- The Washington Times - Tuesday, November 12, 2019

Rep. Adam B. Schiff on Tuesday told lawmakers that this week’s public hearings on impeachment would be a “solemn undertaking” and treat everyone, including President Trump, “fairly.”

In a letter to Congress members, Mr. Schiff, a California Democrat and chairman of the House Permanent Select Committee on Intelligence that is leading the impeachment effort, outlined the process that would be followed at the hearings that commence Wednesday.

“We intend to conduct these hearings with the seriousness and professionalism the public deserves. The process will be fair to the president, the committee members, and the witnesses,” he wrote. “Above all, these hearings are intended to bring the facts to light for the American people.”


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Mr. Trump and his Republican allies have criticized the House Democrats for rules that tilt the inquiry against Mr. Trump, who is accused of abusing his office by pushing Ukraine to investigate political rival Joseph R. Biden and his son Hunter.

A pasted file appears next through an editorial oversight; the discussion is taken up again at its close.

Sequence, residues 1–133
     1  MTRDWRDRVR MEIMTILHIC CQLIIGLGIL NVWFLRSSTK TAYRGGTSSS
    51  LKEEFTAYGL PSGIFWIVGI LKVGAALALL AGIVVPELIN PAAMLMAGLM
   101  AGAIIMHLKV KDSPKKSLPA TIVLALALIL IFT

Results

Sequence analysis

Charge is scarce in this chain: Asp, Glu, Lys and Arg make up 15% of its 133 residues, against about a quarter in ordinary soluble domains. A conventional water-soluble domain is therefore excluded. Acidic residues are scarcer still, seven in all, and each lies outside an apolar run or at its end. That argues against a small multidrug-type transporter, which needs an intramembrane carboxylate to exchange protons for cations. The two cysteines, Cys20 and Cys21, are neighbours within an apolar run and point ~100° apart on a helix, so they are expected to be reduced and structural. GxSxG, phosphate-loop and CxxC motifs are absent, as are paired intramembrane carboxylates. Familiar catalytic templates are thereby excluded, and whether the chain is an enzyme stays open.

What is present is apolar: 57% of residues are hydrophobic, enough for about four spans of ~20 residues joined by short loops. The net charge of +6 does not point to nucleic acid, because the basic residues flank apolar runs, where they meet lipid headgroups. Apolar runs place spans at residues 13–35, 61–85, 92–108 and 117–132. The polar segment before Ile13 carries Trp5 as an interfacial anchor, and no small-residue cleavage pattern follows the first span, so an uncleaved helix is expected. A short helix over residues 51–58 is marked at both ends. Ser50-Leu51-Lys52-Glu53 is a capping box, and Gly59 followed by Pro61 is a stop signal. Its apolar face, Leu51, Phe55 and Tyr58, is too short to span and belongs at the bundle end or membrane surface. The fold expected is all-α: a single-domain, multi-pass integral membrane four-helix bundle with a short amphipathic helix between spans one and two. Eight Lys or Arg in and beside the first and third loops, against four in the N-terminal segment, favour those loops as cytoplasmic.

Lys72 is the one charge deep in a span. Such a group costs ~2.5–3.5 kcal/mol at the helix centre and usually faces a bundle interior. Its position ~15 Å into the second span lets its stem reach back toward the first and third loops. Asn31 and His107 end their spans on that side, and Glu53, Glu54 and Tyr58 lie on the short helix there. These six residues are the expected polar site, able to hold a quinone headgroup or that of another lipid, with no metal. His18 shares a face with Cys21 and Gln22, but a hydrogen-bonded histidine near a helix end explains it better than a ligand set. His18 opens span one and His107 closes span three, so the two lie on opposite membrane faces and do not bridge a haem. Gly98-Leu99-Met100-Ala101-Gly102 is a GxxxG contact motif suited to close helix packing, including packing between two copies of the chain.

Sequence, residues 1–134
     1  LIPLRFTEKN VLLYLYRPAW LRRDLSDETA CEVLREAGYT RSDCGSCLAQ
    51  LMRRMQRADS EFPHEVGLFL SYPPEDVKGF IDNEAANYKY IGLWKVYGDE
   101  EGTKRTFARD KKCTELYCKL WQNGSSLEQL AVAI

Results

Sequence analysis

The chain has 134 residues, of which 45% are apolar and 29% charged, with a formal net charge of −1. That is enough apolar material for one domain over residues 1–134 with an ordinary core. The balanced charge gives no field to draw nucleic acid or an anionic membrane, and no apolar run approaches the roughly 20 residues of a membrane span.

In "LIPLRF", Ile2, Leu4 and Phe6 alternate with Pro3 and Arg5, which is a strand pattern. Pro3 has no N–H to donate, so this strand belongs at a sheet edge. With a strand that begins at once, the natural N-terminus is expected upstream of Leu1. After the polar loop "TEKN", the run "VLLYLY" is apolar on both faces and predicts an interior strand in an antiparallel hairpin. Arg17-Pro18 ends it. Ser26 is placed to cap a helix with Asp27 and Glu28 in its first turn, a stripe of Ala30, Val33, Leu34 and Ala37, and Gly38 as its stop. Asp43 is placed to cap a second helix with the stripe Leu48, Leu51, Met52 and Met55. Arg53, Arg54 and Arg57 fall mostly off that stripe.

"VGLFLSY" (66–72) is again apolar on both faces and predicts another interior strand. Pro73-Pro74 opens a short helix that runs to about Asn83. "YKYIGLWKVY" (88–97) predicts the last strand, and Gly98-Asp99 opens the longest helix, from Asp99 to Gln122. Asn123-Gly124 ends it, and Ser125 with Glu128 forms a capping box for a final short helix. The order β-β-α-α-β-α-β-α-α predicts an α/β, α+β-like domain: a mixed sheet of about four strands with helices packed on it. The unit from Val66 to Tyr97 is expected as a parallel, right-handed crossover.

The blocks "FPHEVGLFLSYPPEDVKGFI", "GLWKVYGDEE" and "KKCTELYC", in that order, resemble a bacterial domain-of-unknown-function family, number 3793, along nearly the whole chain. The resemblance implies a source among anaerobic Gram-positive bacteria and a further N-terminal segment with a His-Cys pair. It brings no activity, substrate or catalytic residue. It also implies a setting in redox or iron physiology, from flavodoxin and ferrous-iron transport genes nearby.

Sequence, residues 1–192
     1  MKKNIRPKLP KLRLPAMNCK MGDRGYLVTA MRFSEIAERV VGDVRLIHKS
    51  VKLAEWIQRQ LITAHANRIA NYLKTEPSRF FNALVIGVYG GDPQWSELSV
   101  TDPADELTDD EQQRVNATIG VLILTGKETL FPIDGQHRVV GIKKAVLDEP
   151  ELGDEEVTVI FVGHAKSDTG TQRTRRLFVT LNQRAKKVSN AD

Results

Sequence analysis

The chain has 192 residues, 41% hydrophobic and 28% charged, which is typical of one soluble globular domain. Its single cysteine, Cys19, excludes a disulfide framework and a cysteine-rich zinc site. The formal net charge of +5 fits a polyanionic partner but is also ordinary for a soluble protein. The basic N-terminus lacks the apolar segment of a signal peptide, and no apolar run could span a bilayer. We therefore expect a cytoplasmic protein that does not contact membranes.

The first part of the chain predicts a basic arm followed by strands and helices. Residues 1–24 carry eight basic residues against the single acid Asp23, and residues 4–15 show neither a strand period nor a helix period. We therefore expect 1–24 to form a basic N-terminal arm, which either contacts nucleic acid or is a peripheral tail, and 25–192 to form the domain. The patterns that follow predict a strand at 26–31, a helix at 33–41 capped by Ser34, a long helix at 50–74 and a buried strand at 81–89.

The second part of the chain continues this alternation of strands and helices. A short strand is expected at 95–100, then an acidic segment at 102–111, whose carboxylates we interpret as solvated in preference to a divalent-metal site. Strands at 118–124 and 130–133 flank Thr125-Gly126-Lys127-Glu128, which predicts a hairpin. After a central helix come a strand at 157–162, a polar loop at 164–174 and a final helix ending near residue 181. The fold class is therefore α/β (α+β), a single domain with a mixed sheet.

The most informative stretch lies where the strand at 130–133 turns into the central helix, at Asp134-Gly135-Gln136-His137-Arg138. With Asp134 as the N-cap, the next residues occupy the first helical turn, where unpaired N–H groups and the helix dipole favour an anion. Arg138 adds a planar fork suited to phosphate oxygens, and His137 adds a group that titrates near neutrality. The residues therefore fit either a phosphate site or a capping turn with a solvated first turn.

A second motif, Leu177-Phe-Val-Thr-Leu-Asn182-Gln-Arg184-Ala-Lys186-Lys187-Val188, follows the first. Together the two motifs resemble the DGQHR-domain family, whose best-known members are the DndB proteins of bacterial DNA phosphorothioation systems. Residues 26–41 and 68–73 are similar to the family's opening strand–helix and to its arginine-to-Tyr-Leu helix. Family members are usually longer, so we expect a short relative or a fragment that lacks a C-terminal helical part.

The rules, adopted by Democrats in a party-line vote Oct. 31, give broad authority to Mr. Schiff and other Democratic leaders to steer the hearings, including deciding which witnesses will appear.



Mr. Schiff also sent lawmakers a memorandum detailing the format for the hearings.

The first hearing will feature William Taylor, the U.S. charge d’affaires in Ukraine, and Deputy Assistant Secretary of State George Kent, who oversaw Ukraine policy.

Both officials said in closed-door interviews with the impeachment inquiry that they had concerns that Mr. Trump was politicizing U.S. policy in Ukraine.

The hearing will begin at 10 a.m. with opening statements by Mr. Schiff and Rep. Devin Nunes, the ranking Republican on the Intelligence Committee.

The questioning of the witness will last for up to 45 minutes per side, though Mr. Schiff can decide on shorter rounds of questioning provided both sides get equal time.

In the memo, Mr. Schiff reminded lawmakers to behave themselves and abide by the Code of Official Conduct for Members of Congress, which requires that they “shall behave at all times in a manner that shall reflect creditably on the House.”

“As Chair,” he wrote, “I will do my utmost during the hearings to safeguard the rights of the witnesses and all Members of the Committee, just as Committee Members.”

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